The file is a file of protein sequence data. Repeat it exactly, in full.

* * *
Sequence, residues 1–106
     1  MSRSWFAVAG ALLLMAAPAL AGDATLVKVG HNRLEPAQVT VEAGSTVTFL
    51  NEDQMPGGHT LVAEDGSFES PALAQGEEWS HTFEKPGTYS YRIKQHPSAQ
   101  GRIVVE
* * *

Sequence, residues 1–106
     1  MSRSWFAVAG ALLLMAAPAL AGDATLVKVG HNRLEPAQVT VEAGSTVTFL
    51  NEDQMPGGHT LVAEDGSFES PALAQGEEWS HTFEKPGTYS YRIKQHPSAQ
   101  GRIVVE